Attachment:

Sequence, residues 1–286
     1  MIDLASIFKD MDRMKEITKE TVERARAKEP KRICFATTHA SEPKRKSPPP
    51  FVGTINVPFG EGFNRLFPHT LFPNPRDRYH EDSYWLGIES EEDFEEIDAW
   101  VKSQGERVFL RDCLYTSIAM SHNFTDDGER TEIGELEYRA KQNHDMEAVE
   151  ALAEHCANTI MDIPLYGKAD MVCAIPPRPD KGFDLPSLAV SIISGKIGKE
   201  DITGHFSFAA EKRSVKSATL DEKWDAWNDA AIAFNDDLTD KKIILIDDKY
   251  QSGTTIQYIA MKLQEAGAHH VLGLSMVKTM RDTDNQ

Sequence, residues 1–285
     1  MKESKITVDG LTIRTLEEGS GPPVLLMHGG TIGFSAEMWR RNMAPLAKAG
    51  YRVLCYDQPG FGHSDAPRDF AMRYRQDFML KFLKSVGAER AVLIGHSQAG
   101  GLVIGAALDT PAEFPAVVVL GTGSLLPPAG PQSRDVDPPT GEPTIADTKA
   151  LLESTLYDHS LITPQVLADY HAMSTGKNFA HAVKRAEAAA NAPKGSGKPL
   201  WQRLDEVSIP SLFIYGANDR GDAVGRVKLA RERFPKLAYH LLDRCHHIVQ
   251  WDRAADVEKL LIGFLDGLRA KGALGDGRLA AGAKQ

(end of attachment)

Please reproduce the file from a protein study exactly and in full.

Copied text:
Sequence, residues 1–286
     1  MIDLASIFKD MDRMKEITKE TVERARAKEP KRICFATTHA SEPKRKSPPP
    51  FVGTINVPFG EGFNRLFPHT LFPNPRDRYH EDSYWLGIES EEDFEEIDAW
   101  VKSQGERVFL RDCLYTSIAM SHNFTDDGER TEIGELEYRA KQNHDMEAVE
   151  ALAEHCANTI MDIPLYGKAD MVCAIPPRPD KGFDLPSLAV SIISGKIGKE
   201  DITGHFSFAA EKRSVKSATL DEKWDAWNDA AIAFNDDLTD KKIILIDDKY
   251  QSGTTIQYIA MKLQEAGAHH VLGLSMVKTM RDTDNQ

Sequence, residues 1–285
     1  MKESKITVDG LTIRTLEEGS GPPVLLMHGG TIGFSAEMWR RNMAPLAKAG
    51  YRVLCYDQPG FGHSDAPRDF AMRYRQDFML KFLKSVGAER AVLIGHSQAG
   101  GLVIGAALDT PAEFPAVVVL GTGSLLPPAG PQSRDVDPPT GEPTIADTKA
   151  LLESTLYDHS LITPQVLADY HAMSTGKNFA HAVKRAEAAA NAPKGSGKPL
   201  WQRLDEVSIP SLFIYGANDR GDAVGRVKLA RERFPKLAYH LLDRCHHIVQ
   251  WDRAADVEKL LIGFLDGLRA KGALGDGRLA AGAKQ